DURHAM, N.C. (WTVD) -- State health officials have been calling on North Carolinians for months to wear face masks in public to help slow the spread of COVID-19. Despite it being the law to do so now, many people still refuse and Duke University researchers think they know why.
"Many people perceive that some of the public health guidelines are direct threats to their freedoms and as a result, this motivational state kicks in where they'll go to great lengths to not follow those guidelines," said Dr. Gavan Fitzsimons, marketing and psychology professor at Duke's Fuqua School of Business.
During a virtual panel discussion Wednesday, Fitzsimons, along with Dr. Benjamin Anderson and Dr. Lavanya Vasudevan addressed ways to overcome the resistance to mask-wearing and other public health measures during the pandemic.
Nearly a month after mandating face masks statewide, Gov. Roy Cooper said in a briefing Tuesday that refusing to wear a mask is "selfish."
Fitzsimons said while the governor's intentions were good, that approach likely won't be effective.
"I don't like to describe people that choose not to wear a mask as selfish," he said. "I understand, psychologically, why they're doing it. They're doing it because you're threatening their freedom- we're threatening their freedom. So using the term selfish is going to lead them to dig in even harder."
Researchers said politicizing mask-wearing early on only exacerbated this backlash response, but they're hopeful, with Pres. Trump's recent pivot on the issue, referring Tuesday to mask-wearing as "patriotic," will help.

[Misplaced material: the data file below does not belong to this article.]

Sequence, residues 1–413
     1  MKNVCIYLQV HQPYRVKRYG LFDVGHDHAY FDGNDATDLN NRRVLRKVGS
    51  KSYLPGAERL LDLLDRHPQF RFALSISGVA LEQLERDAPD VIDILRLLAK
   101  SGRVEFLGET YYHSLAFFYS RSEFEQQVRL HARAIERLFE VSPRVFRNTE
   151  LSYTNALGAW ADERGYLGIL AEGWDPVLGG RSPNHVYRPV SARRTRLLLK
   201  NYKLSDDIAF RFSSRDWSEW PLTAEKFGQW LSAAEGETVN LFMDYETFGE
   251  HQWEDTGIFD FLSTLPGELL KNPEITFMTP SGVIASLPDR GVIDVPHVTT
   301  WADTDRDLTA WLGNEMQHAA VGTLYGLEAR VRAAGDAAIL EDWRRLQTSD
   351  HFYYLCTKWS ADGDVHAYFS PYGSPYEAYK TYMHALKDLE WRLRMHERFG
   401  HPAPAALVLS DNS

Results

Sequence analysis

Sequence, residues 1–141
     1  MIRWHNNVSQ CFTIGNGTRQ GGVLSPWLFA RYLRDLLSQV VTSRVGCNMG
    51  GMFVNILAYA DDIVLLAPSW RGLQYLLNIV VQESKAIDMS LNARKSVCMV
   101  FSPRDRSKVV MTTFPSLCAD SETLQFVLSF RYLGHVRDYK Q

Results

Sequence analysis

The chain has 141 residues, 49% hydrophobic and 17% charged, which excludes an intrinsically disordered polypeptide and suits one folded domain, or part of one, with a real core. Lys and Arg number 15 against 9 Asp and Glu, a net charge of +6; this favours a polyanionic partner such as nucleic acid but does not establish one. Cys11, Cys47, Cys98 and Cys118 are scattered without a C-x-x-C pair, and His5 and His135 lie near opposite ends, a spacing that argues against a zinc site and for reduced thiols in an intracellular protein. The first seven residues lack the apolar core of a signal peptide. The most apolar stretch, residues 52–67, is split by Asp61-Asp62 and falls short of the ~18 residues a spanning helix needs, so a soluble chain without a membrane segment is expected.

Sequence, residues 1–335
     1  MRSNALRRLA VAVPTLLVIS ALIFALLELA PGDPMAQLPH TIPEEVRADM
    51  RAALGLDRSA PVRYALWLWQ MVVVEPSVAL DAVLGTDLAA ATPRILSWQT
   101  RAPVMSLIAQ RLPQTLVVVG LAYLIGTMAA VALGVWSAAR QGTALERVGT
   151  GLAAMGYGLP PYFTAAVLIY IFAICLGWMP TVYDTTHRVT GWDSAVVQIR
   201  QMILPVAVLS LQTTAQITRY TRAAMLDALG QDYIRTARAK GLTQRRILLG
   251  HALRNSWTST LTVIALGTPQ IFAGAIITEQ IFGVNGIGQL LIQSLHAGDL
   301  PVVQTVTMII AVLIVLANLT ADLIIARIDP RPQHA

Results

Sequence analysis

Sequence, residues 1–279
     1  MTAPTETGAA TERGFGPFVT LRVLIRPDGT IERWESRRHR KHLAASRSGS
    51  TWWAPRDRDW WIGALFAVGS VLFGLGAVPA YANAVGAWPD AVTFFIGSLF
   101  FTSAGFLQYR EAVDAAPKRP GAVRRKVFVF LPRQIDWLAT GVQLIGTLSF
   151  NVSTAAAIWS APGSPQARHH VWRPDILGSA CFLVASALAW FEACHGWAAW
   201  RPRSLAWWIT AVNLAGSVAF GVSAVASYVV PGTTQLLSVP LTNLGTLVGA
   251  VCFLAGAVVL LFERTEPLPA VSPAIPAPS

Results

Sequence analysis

"As long as there is now a consistent, repeated message, both verbal and physical- wearing an actual mask and letting people see it's important to wear a mask in public, as long as that's repeated over and over in coming months, it'll start to shift," Fitzsimons said.
Dr. Vasudevan said it's important to get the messaging right, right now.
"A vaccine is our best shot for ending this COVID-19 pandemic," she said. "We can spend billions of dollars developing an effective vaccine but if people don't think it's important, they're not going to accept it."
While no one wants to be told what to do, the experts agree we all like to feel we have choice and that we're helping to solve the problem.
"Not just from the public health community, but also the community as a whole- if we can lead with a little bit more empathy and try to come alongside people and meet them where they are, I think that's a message all of us could hear," Anderson said.